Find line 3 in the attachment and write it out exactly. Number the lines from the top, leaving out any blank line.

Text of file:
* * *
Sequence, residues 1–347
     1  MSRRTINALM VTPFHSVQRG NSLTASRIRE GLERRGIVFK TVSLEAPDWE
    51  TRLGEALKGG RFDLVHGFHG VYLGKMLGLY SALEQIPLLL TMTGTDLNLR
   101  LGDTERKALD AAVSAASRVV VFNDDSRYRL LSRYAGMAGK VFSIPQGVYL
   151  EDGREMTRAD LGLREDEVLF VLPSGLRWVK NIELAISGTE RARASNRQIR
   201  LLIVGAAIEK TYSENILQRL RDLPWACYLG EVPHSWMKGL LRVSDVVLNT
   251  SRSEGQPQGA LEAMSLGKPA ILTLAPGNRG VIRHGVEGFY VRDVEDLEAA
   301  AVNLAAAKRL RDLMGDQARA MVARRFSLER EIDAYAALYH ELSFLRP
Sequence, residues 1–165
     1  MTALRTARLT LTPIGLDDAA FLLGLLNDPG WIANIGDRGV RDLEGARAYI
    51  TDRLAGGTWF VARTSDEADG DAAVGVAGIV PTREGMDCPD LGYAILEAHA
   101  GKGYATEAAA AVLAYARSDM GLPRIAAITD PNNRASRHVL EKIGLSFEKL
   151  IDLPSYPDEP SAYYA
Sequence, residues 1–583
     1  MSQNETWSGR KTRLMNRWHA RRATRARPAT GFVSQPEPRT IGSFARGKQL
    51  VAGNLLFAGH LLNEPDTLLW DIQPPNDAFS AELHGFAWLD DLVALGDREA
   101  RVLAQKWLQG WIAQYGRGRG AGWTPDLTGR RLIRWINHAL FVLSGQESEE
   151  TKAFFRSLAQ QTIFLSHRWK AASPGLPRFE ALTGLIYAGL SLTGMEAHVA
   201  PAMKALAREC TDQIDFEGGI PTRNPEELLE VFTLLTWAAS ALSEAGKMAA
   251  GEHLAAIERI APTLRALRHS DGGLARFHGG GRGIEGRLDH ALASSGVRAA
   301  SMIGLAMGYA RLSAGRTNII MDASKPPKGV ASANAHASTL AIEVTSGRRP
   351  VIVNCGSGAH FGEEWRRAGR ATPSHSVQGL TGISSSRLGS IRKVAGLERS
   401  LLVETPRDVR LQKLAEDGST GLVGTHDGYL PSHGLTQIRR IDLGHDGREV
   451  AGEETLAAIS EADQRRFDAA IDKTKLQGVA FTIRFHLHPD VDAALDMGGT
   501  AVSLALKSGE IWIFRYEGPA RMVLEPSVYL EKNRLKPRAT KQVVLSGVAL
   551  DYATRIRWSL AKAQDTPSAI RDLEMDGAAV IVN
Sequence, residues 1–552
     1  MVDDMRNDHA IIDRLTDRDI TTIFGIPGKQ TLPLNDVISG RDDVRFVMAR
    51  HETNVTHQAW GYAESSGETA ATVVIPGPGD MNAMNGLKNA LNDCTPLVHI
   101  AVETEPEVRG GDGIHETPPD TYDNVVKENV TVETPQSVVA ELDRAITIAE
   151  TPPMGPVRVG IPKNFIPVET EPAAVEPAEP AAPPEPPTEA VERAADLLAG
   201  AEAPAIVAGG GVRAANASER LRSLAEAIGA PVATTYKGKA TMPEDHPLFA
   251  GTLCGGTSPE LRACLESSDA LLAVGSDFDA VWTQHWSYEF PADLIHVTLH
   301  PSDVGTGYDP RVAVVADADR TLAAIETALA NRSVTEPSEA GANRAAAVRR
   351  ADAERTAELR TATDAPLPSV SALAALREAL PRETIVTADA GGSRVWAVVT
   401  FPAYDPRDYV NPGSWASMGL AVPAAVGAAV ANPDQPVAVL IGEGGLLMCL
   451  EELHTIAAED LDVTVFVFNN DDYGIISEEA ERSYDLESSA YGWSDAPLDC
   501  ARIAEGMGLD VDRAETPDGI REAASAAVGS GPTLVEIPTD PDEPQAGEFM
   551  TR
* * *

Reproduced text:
    51  TRLGEALKGG RFDLVHGFHG VYLGKMLGLY SALEQIPLLL TMTGTDLNLR